Singapore secures 17 M&A deals in India
The Dollar Business Bureau
Indian and Singaporean companies have signed as many as 17 merger and acquisition (M&A) agreements with a total investment of $940 million in the first half of this year.
The companies from the two nations have signed 17 deals. “Almost all of them were transactions where the acquirer is from Singapore and the target from India,” said Srividya Gopalakrishnan, Managing Director, Duff & Phelps.
Among the signed deals were Government Investment Corporation’s (GIC) acquisition of stakes in Bandhan Bank, Greenko Energy and Viviana Mall as well as Singapore Technologies Telemedia’s acquisition of stakes in Tata Communications Data Centre business.
The consultancy said the Malaysian, Indonesian and Indian enterprises signed four M&A of $95 million.
The report titled “Transaction Trail” said the four M&As included Malaysia’s Tenaga Nasional Berhad (TNB) acquiring 30% stake in GMR Energy Ltd. for $300 million.
“Some of the above stake acquisitions are by investment funds. As any other investor, their drive is to make good return on their investments,” Gopalakrishnan said.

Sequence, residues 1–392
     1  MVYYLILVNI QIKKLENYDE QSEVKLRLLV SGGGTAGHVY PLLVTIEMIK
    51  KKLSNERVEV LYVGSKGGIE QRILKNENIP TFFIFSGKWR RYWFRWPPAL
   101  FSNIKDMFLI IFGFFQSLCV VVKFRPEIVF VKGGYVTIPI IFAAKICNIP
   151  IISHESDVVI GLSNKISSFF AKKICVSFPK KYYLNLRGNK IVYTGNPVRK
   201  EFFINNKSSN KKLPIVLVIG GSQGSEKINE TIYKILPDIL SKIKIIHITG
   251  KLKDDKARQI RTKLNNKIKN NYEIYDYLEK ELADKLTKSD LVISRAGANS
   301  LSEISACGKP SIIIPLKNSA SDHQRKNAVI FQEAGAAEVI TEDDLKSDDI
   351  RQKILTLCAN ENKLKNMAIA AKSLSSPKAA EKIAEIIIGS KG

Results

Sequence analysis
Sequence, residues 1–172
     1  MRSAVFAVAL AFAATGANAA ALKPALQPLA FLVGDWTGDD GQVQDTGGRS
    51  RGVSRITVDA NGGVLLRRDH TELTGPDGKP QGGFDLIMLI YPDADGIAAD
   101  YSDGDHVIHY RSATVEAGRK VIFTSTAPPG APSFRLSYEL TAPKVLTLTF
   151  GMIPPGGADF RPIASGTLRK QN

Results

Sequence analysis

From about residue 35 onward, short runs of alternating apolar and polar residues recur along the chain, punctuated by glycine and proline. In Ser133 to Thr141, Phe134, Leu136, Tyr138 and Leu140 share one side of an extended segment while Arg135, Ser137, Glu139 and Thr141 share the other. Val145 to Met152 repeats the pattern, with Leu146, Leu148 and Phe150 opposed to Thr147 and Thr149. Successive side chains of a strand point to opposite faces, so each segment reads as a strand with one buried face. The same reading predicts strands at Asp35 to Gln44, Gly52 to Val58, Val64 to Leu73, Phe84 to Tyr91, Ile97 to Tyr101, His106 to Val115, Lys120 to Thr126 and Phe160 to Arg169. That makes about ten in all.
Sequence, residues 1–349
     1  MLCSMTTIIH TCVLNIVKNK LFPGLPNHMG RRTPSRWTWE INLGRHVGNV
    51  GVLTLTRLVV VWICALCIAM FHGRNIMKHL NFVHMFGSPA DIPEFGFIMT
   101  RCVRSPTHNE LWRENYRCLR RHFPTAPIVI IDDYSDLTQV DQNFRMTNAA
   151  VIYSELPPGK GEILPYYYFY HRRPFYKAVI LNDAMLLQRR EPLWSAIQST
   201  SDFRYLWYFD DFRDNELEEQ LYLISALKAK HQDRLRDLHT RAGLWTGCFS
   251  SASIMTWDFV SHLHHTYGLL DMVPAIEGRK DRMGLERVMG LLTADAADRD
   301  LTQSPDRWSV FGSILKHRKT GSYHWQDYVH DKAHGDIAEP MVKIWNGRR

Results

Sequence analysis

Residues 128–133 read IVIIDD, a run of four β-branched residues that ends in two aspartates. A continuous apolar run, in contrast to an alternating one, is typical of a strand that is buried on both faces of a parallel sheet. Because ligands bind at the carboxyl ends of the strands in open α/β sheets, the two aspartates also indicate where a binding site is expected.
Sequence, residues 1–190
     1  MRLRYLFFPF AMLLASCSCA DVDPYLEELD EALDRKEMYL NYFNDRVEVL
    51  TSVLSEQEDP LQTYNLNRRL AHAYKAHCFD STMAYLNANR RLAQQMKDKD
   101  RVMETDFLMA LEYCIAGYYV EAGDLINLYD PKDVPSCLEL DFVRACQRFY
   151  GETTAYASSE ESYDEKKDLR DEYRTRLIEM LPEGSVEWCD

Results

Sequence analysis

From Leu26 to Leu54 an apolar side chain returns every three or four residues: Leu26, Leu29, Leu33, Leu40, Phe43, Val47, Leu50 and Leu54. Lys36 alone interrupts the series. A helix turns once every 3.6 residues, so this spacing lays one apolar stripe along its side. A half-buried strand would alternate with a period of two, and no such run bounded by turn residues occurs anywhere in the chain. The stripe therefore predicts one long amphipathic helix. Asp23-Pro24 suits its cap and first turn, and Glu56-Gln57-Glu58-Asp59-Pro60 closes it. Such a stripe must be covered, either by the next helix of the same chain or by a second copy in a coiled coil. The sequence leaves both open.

“India has been a key destination for inbound M&As (foreign companies acquiring Indian businesses) over the years across different segments,” noted she.
Indian recent economic growth has a lot depended on its local consumption of goods, which attracts investors from across the globe. The government has also of late focused on offering benefits from domestic export-oriented companies, which goes beyond manufacturing and technological setups.
“International companies have managed to successfully make acquisitions or enter into joint ventures in India. M&A has been one of the ways in which they have expanded their India footprint. “Many companies have realised that M&A is not something exotic, but it is a strategy relevant for their day-to-day business,” highlighted Gopalakrishnan.
Foreign companies have been betting big on India in the backdrop of a gloomy global economic growth, especially in the mature market, and fallen and unstable oil prices.
“This also helps companies internationalise their businesses, add on service offerings, leverage on global capabilities and mitigate their own shortcomings,” she said.